The strong reinforcing effects of nicotine and the negative symptoms such as anxiety experienced during a quit attempt often lead to relapse and low success rates for smoking cessation. Treatments that not only block the reinforcing effects of nicotine but also attenuate the motivation to relapse are needed to improve cessation rates. Recent genetic and preclinical studies have highlighted the involvement of the α3, β4, and α5 nicotinic acetylcholine receptor (nAChR) subunits and the α3β4 nAChR subtype in nicotine dependence and withdrawal. However, the involvement of these nAChR in relapse is not fully understood. We previously reported that the α3β4 nAChR partial agonist AT-1001 selectively decreases nicotine self-administration in rats without affecting food responding. In the present experiments, we examined the efficacy of AT-1001 in attenuating reinstatement of nicotine-seeking behavior in a model of stress-induced relapse. Rats extinguished from nicotine self-administration were treated with the pharmacological stressor yohimbine prior to AT-1001 treatment and reinstatement testing. We also examined whether AT-1001 produced any withdrawal-related effects when administered to nicotine-dependent rats.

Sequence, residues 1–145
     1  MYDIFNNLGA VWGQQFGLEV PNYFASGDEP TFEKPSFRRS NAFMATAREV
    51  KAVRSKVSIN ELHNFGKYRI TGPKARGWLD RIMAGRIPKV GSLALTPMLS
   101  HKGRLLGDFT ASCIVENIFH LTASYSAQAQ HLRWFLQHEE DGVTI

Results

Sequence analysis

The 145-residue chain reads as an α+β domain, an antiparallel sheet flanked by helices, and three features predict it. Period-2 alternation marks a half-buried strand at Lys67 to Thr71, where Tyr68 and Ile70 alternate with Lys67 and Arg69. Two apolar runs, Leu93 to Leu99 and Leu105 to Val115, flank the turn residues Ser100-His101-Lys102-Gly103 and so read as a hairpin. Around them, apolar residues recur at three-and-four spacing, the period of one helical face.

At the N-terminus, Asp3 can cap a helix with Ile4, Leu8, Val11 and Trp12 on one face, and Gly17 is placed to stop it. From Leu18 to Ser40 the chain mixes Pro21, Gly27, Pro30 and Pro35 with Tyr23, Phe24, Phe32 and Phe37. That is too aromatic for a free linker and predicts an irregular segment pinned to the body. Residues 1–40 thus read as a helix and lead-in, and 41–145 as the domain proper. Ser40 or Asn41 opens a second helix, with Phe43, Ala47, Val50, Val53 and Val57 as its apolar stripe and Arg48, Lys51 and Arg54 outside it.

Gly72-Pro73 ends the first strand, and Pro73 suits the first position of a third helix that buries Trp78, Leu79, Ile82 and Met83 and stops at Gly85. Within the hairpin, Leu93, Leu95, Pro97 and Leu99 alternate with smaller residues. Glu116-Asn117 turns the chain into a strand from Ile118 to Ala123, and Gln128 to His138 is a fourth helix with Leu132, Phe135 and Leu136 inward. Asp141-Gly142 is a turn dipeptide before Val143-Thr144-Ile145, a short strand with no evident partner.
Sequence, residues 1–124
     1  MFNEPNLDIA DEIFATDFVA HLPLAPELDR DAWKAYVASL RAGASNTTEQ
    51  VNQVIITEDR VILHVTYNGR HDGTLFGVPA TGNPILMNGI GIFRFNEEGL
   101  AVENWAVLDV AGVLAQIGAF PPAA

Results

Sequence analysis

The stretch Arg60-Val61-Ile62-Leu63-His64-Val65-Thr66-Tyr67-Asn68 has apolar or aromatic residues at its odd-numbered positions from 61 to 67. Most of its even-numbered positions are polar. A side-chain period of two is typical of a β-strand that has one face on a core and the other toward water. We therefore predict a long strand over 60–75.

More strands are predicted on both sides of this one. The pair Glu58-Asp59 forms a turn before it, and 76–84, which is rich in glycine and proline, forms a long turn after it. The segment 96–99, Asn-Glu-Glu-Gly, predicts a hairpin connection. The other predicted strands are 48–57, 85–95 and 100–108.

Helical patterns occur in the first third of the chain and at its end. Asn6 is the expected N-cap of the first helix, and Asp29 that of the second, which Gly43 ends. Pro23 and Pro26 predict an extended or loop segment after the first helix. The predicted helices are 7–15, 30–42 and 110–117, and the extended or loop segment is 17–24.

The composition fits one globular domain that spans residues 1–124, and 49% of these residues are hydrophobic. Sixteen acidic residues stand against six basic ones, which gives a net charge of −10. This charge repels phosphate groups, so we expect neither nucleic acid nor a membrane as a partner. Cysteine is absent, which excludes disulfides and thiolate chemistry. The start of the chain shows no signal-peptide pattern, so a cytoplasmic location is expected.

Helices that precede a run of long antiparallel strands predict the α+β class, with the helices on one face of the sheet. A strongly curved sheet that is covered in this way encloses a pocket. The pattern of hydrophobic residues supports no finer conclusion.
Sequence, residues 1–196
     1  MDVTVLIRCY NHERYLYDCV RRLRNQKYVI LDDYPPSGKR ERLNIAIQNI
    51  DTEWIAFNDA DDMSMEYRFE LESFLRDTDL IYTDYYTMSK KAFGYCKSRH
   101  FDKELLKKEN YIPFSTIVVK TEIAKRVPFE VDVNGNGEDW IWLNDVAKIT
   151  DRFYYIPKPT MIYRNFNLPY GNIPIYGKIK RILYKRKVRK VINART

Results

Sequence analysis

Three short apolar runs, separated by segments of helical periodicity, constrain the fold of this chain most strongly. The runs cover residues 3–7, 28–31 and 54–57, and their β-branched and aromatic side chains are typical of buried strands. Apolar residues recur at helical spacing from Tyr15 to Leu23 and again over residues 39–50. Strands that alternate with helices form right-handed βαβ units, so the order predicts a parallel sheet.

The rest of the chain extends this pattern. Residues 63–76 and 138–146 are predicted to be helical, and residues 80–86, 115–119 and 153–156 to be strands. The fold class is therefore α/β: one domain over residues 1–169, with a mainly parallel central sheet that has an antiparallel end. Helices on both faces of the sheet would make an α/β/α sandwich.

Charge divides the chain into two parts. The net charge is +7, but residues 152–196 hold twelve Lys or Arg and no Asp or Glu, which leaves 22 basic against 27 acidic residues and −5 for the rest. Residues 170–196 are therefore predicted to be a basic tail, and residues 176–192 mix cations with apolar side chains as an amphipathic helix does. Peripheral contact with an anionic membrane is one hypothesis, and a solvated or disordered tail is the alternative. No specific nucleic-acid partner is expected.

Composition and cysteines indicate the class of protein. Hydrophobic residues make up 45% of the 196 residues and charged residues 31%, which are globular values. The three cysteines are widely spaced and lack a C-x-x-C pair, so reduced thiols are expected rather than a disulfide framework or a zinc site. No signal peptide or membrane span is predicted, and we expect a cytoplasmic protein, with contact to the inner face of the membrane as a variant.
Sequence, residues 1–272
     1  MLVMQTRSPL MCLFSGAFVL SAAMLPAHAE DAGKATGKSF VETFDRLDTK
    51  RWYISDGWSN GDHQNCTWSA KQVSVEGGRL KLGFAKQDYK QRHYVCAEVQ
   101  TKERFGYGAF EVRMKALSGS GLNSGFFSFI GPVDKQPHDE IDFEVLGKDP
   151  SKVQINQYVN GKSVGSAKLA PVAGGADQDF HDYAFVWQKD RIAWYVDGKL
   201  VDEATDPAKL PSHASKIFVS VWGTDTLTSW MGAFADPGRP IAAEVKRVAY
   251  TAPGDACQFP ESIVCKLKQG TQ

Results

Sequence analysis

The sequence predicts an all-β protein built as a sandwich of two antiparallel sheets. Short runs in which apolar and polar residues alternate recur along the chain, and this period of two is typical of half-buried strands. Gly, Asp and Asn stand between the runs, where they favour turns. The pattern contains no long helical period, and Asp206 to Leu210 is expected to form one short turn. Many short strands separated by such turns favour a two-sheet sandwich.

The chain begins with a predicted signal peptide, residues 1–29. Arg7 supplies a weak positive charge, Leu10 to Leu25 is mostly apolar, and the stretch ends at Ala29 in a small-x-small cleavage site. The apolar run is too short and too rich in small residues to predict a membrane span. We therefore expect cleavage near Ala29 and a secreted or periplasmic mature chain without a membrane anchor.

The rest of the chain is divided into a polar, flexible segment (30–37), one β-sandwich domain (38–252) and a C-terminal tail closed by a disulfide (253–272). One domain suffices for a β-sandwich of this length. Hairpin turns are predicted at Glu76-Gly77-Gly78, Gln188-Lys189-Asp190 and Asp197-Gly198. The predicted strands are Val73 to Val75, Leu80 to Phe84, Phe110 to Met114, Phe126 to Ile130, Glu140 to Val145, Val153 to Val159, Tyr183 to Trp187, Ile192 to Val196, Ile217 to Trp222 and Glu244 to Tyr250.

We found that AT-1001 dose-dependently reduced yohimbine stress-induced reinstatement of nicotine seeking. When administered to nicotine-dependent rats at the dose that significantly blocked nicotine reinstatement, AT-1001 elicited minimal somatic withdrawal signs in comparison to the nicotinic antagonist mecamylamine, which is known to produce robust withdrawal. Our data suggest that α3β4 nAChR-targeted compounds may be a promising approach for nicotine addiction treatment because they can not only block nicotine’s reinforcing effects, but also decrease motivation to relapse without producing significant withdrawal effects.